CBRE|WTW managing director Foo Gee Jen said the MRT lines will be incomplete without the MRT 3.
“Some of the developments surrounding MRT Line 3 have been given a high plot ratio for development with the anticipation of the scheduled completion date, [and with the scrapping of the MRT 3] this will affect the efficiency and day-to-day business process,” he highlighted.
He observed that the MRT 1 line’s ridership is “not that fantastic” owing to a lack of connectivity from the MRT 2 and 3 lines.
“The government need to do something about this and should reconsider the decision because Kuala Lumpur is a business centre and it would require good connectivity,” he said.
This is echoed by urban planner and transport expert Goh Bok Yen, director of MAG Technical and Development Consultant Sdn Bhd.
He said the decision to scrap the MRT 3 should not be final, as there is a need for a multiple model transit system which could connect the existing rail transportation, including LRT, MRT, Monorail and KTM.
“However, the cancellation of MRT 3 also means that there will be a need for alternatives, such as increased bus or coach services, to connect the missing links of the existing public transportation system,” he explained.
Although he agreed that rail transportation is a good option for public transportation, other alternatives could also be considered if they serve the purpose and with lower cost.
He also urged the government to seek consultation from industry players to have a better understanding in reviewing the rail transportation projects.
RHB Research Institute Sdn Bhd senior analyst Loong Kok Wen said urbanites, who would form the bulk of commuters on the MRT 3 line, would not lack public transport alternatives to shuttle around the city.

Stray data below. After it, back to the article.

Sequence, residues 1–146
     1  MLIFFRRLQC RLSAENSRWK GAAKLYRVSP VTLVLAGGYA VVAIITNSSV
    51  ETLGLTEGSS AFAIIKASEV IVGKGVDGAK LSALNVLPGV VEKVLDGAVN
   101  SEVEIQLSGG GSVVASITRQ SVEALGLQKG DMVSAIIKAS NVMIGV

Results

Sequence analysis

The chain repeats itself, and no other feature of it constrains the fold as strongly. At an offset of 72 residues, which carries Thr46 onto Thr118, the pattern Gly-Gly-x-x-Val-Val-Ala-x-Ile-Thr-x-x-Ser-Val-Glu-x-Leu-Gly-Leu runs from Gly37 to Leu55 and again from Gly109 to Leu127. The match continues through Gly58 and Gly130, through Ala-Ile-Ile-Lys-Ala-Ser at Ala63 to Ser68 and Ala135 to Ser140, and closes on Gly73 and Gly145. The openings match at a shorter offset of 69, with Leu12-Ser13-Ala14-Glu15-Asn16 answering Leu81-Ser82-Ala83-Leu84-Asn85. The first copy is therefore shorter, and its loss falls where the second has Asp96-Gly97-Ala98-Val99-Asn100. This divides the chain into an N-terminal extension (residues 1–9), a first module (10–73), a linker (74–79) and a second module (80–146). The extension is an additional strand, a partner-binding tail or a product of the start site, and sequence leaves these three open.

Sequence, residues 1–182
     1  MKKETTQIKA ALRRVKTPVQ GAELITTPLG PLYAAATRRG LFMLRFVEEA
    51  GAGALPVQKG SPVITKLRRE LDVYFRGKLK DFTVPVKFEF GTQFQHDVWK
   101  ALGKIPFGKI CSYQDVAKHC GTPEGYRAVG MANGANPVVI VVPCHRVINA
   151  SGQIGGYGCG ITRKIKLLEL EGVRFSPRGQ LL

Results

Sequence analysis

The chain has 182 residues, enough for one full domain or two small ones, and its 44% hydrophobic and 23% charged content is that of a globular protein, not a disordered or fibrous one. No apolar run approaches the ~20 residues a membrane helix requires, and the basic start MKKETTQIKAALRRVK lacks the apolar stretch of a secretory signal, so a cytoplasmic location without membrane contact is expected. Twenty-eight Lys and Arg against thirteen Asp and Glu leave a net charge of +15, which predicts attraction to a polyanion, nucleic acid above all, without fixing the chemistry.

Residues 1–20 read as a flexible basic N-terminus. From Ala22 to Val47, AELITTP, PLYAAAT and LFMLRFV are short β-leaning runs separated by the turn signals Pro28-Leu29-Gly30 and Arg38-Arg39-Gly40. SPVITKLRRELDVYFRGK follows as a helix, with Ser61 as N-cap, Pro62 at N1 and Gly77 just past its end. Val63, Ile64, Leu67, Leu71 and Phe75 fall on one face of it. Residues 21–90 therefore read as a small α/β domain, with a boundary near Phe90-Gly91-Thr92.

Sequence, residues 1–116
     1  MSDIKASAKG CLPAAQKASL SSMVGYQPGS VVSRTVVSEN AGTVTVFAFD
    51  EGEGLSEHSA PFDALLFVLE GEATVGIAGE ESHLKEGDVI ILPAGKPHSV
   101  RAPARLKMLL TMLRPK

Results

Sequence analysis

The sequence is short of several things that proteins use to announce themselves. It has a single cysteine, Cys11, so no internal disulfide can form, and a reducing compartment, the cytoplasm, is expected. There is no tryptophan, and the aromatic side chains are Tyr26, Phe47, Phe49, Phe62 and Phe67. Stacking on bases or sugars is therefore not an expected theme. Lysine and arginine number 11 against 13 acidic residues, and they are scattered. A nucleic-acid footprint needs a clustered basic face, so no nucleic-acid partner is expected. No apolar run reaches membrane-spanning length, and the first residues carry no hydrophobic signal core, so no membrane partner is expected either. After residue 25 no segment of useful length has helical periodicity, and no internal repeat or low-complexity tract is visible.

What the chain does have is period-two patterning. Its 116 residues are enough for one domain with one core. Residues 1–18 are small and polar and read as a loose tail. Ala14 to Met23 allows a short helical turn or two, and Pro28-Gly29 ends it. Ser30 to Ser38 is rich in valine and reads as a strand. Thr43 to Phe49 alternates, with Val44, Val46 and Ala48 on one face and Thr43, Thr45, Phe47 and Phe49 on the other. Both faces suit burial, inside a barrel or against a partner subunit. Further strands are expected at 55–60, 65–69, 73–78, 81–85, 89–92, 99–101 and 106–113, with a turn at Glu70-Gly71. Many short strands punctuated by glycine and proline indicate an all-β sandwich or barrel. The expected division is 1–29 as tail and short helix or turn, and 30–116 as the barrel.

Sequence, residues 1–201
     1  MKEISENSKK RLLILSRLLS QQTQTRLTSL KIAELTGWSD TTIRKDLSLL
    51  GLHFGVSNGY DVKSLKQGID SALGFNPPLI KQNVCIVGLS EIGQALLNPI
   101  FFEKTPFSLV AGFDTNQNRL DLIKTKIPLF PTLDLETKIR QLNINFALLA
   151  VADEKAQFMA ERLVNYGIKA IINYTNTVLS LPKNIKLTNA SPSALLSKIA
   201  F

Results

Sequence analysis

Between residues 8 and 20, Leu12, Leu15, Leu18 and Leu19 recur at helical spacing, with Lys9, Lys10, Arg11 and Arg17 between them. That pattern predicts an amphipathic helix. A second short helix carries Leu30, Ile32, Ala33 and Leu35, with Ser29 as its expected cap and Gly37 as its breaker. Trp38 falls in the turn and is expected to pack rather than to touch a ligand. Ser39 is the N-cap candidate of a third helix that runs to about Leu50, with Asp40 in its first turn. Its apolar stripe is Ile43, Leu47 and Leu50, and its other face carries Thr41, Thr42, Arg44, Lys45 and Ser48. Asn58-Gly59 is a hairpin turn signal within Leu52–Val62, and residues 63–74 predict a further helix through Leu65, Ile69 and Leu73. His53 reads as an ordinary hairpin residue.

Loong, who is surprised with the PM’s decision to cancel MRT 3 just a day after the government announcement of scrapping off the RM110 billion Kuala Lumpur – Singapore high speed rail (HSR) project, described the axed rail projects as “good for the people”.
“However, if the construction costs will increase the country’s financial burden, the government will need to make the right decision,” she told EdgeProp.my via a phone interview.
An anonymous analyst meanwhile said there have been anecdotal reports that people living in the outskirts who travel via the MRT only save a little compared with driving and paying tolls as the tickets are not cheap, although these reports need to be corroborated with research.
Circle Line may make a comeback?
Meanwhile, MAG’s Goh stressed that if the government does plan to bring the Circle Line back in the future, the focus should be on optimising the population catchment rather than just benefitting property or land value.
“The property market will see a positive impact if the station really serves people’s need and attract more people to use the public transportation system. However, a rail system designed for property or land value enhancement will not have the same results,” he said.
Some experts do see developers, especially those who have invested in land along the alignment, as losing out on the MRT 3 line cancellation.
Tang Chee Meng, chief operating officer of Henry Butcher Malaysia, said:
“It [the decision to call off the MRT 3] will impact the developers, who bought and planned developments along the MRT 3 line and were banking on the potential of value appreciation.
“This (the cancellation of MRT 3) will [also] inject more uncertainly into the current soft property market, especially following the dampened infrastructure construction sector. I foresee in the industry maybe be a property glut in the short term.”
RHB’s Loong concurs, saying: “The property market has been [suffering from] weak sentiment for quite some time due to a lack of catalysts. The announcement to scrap the MRT 3 will put on more uncertainties to the market.”
However, most of the experts are holding out for the circle line to be brought back in the future.
The One Property International’s Yew said: “I believe the cancellation of MRT 3 will not be forever. The freeze is just for the time being while the new government needs to prioritise other issues. I have no doubt that the upgrade of city’s transportation infrastructure plan is part of the long-term development plan.”